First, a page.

I was triggered to look again at my recovery profile calculations by the discussion on Ben Redman’s blog, with a reference to this article on the Rowing in Motion website. Basically, the thinking is that by optimizing the recovery profile and trying to accelerate on the slide as long as possible during the recovery (by “pulling on the footstretcher”) one can gain speed, as opposed to decelerating early and approaching the catch slower (“pushing on the footstretcher”). There seems to be some empirical evidence from Kleshnev (RBN 140) that “Olympic champions” have a more pronounced boat deceleration at the catch and a later point in the recovery where the boat acceleration becomes negative.
I did some simulations at 30spm using a three different (quite extreme) recovery profiles. In the following plots the red curve is the (measurable) boat velocity, the green curve is the crew velocity and the blue curve is the velocity of the center of mass. The stroke force profile is the same in all three simulations.
In all three cases, we achieved the following results (for a single sculler of 80kg rowing in a 14kg boat with a fairly conservative rigging):
Average speed achieved: 4.70 m/s (in rowing terms a 1:46.3 pace)
Average stroke power: 490W
At constant stroke rate and with a similar average speed, there isn’t much variation possible in the recovery style. One simply has to return the handles form the finish position to the catch position in a given amount of time. At constant stroke length, the average handle speed will be a given. So either you “pull” a bit more in the beginning and then cruise, or you pull less in the beginning of the recovery and keep pulling. You can see that there is not much difference in the blue curves for the center of mass. The speed decrease is caused by the drag force on the hull, which is higher at higher boat speed, but as the average recovery speed is a given, the average boat speed is also a given, and even though we are dealing with a non-linear system, the differences are negligible.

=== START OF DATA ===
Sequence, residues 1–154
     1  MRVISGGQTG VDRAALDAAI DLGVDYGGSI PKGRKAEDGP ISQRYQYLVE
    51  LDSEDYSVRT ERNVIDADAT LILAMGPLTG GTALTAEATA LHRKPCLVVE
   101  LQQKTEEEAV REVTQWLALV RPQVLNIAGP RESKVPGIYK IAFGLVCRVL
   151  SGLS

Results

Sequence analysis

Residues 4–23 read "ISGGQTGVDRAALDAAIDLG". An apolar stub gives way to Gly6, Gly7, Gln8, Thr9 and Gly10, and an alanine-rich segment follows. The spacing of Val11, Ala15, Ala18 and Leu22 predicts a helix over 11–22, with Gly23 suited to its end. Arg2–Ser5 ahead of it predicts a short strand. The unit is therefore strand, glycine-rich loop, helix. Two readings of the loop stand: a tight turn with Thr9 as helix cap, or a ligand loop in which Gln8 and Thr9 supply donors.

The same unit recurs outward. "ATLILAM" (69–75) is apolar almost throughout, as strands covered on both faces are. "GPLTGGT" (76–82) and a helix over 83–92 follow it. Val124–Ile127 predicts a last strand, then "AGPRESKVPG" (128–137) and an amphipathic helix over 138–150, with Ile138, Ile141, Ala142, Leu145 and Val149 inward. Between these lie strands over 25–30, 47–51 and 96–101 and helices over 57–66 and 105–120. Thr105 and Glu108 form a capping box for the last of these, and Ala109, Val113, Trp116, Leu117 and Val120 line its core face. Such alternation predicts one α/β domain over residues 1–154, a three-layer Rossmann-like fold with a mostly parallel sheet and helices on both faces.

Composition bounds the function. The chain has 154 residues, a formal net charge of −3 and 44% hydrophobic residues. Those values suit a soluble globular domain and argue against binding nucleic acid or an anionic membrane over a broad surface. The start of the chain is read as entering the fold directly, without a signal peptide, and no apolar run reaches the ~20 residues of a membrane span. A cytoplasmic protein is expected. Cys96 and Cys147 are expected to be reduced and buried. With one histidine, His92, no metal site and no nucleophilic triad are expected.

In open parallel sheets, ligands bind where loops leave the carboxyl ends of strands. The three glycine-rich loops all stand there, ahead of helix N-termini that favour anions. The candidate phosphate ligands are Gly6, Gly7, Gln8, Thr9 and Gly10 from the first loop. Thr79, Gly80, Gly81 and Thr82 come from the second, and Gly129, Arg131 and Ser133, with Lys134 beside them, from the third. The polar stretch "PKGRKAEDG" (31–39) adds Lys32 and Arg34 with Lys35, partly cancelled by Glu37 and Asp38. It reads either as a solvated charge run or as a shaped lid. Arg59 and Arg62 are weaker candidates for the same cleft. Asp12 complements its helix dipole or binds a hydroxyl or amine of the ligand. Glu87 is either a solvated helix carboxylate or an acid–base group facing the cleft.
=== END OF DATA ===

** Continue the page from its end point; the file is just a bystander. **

The Rowing in Motion article gives this picture (admittedly, in the comments warning that it is “for illustration purposes only”):
It is very tempting to use hand-waving arguments based on feel in discussions on rowing physics.You have to realize though that a quick illustration as the one above can never be accurate. For example, the graph clearly doesn’t show steady state, as the boat speed is 1 m/s higher at the end of the stroke. I am also wondering, if you would calculate a speed profile for the rower that would produce these two curves, if you would arrive at the same stroke length. Are we comparing apples and pears?
You have to keep thinking about underlying principles, about whether or not something is significant, and about whether or not there is an alternative explanation for something that is “found” empirically. In RBN 140, Kleshnev discusses some very interesting observations, but I think more studies will be necessary to figure out exactly if (and how) this contributes to the boat speed of Olympic rowers. We may even have cause and effect in the wrong order. Those Olympians also tend to be the ones able to row longer at higher power and stroke rates. There may also be differences in stroke length and posture benefiting boat speed which cause the features described in the Kleshnev paper.